- sell and transfer your share in the German estate (Verfügung über den Erbteil), see section 2033 German Civil Code: Sometimes, there is one of the co-heirs who is interested in buying your share, for example because that co-heir, unlike you, lives in Germany and maybe wants to keep for himself a property which is within the estate. Or that person wants to strenghten their position within the community of heirs. Either way, you can then sell your share to that person. If the potential buyer is an outsider, i.e. someone who is not already a co-heir, the other co-heirs have a statutory pre-emtion right, s. 2034 German Civil Code. The idea is to avoid the co-heirs (who are in most cases relatives of the decedent) having to deal with a total stranger as a co-heir of the estate. However, according to s. 2033 BGB, any such agreement on the sale and transfer of a share in a German estate does also require the involvement of a German notary or consular officer (same as renunciation).
- a not so well known approach, even among German probate lawyers, to get out of an Erbengemeinschaft is the so called “Abschichtung“, where a co-heir declares to waive all rights and entitlements in the estate. As a consequence, this co-heir quits the community of heirs and his/her share is attributed to the remaining co-heirs (similar to what happens if a joint tenant passes away). The advantage of this Abschichtung is that there is no need for a notary or consular officer. The disadvantage for the quitting co-heir is that to the outside he or she remains liable for the debts of the estate. This is because the Abschichtung is merely an agreement among the co-heirs, it does not affect the formal position of a c-heir towards the outside world. Still, in a case where there definitely are no significant debts and one of the co-heirs wants to quit, either with or without compensation from the other co-heir(s), this approach may be the simplest and certainly the quickest.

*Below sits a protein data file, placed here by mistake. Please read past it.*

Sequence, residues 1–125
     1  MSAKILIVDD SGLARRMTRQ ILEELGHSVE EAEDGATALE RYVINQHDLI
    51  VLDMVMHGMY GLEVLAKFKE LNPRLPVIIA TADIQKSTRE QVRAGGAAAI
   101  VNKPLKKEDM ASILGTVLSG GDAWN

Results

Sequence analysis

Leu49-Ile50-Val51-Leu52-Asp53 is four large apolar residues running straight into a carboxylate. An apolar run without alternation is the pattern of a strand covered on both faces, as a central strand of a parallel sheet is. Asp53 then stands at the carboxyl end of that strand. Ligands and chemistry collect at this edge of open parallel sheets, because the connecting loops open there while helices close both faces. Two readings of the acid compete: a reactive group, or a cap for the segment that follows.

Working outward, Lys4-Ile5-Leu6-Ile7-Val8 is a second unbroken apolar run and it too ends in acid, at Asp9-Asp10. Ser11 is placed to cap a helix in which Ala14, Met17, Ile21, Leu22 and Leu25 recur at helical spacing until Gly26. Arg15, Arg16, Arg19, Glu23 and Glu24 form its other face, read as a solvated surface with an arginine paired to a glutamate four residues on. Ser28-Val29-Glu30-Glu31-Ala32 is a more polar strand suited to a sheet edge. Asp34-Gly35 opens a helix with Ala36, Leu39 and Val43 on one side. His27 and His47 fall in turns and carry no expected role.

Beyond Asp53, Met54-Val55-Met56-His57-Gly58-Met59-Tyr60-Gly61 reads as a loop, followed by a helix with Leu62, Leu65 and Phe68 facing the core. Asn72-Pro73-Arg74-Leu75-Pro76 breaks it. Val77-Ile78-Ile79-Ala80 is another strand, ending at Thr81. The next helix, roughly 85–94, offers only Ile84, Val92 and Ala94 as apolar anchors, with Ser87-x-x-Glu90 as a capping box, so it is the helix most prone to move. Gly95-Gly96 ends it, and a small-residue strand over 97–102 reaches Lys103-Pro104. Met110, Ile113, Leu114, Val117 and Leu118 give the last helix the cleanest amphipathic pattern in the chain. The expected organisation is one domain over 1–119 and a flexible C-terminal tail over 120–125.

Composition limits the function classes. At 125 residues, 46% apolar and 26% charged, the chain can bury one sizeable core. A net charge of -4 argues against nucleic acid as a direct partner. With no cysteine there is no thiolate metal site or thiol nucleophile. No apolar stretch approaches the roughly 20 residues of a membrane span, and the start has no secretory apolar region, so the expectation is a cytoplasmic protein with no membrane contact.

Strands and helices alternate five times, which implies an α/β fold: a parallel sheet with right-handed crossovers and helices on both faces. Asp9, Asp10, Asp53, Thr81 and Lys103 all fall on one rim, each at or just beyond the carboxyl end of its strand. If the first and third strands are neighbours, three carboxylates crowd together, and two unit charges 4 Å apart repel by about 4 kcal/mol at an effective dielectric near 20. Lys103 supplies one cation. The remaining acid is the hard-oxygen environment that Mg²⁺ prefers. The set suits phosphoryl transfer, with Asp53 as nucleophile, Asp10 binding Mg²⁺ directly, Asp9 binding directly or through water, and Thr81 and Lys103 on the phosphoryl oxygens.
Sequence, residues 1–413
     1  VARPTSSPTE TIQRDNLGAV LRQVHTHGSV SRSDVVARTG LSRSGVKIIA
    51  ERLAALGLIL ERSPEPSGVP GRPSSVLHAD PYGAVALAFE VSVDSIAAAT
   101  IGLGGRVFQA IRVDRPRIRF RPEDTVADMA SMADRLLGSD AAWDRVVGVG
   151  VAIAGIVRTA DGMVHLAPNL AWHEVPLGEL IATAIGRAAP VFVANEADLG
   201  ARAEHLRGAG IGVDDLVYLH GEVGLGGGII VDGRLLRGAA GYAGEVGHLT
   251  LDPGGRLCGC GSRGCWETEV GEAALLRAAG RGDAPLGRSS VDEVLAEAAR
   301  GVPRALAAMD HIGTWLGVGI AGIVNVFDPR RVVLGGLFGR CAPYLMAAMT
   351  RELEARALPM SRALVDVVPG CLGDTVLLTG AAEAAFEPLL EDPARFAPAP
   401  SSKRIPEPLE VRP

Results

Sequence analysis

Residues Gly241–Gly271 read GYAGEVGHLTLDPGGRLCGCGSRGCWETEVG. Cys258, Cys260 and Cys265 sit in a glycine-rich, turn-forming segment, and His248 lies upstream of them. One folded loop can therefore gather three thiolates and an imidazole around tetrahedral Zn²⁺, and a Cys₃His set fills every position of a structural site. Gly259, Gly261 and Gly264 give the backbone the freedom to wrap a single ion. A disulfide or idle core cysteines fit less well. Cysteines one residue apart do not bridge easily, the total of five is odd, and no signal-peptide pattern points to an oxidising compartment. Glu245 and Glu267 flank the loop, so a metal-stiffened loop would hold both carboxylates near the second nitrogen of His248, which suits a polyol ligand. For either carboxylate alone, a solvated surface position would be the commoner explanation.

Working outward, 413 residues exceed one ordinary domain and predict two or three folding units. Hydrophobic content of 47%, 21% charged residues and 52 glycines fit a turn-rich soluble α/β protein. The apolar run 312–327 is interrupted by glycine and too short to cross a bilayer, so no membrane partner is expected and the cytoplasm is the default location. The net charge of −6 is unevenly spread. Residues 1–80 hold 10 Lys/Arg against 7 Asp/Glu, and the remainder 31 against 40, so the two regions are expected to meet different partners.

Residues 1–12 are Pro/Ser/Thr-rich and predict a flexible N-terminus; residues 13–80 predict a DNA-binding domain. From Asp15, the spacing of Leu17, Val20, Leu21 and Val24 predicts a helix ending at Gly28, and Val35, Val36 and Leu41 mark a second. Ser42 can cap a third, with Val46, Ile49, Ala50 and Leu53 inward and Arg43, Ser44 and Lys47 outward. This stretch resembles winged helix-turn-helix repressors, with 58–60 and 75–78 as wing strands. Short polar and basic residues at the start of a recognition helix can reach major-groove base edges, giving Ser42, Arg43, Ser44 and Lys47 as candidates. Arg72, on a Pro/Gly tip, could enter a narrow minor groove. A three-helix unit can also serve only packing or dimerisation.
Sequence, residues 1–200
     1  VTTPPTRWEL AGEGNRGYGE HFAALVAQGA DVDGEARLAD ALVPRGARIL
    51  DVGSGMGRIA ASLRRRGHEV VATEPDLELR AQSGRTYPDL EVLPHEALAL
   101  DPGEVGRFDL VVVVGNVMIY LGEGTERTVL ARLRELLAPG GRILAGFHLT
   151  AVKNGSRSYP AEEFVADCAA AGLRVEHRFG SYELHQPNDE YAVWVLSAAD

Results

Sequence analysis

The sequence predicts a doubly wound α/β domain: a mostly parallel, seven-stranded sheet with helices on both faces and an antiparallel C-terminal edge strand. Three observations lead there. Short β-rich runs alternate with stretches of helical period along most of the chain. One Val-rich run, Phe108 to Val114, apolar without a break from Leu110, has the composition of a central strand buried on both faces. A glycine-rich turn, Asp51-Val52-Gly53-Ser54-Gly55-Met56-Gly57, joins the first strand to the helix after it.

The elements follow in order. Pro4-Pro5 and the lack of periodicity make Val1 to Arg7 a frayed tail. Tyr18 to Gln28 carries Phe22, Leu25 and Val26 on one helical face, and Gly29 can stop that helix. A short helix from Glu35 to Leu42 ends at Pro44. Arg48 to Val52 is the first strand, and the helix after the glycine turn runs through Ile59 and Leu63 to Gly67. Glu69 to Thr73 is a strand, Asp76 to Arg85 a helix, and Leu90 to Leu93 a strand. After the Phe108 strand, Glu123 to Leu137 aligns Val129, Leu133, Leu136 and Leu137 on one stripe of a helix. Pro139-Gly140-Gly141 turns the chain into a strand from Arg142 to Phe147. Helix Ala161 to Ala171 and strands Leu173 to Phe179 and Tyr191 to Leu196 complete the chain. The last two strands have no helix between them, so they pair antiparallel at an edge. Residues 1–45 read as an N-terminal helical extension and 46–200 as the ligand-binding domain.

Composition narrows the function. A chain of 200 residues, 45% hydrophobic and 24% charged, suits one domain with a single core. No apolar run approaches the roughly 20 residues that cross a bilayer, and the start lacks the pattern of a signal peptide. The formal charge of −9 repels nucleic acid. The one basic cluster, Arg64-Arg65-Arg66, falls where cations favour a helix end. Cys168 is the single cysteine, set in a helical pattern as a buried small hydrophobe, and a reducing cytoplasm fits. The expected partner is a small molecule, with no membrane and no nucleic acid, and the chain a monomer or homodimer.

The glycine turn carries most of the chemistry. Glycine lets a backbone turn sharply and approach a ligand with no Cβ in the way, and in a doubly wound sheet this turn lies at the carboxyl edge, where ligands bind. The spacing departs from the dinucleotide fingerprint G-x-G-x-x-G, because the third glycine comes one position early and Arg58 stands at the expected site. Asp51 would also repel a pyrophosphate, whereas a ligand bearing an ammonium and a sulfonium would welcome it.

- finally, as mentioned above, if all else fails due to the unanimity principle, each co-heir can apply to the local German court (see here) for a forced public auction (Teilungsversteigerung) of either the entire estate or specific assets, in particular German property (real estate). As a second step, the co-heir must then apply to a (different) German court for the estate to be distributed (“Erbauseinandersetzungsklage” or “Erbteilungsklage”). Sounds complex and expensive? It is. That’s why I called it the nuclear option. However, sometimes it is the only resort. And: in many cases the co-heirs suddenly do come to a settlement as soon as someone applies for the forced auction and/or files for the distribution of the estate. If such an amicable settlement is reached, the contentious probate court proceedings can of course be terminated immediately to save costs. More on settling a lawsuit Germany is explained here.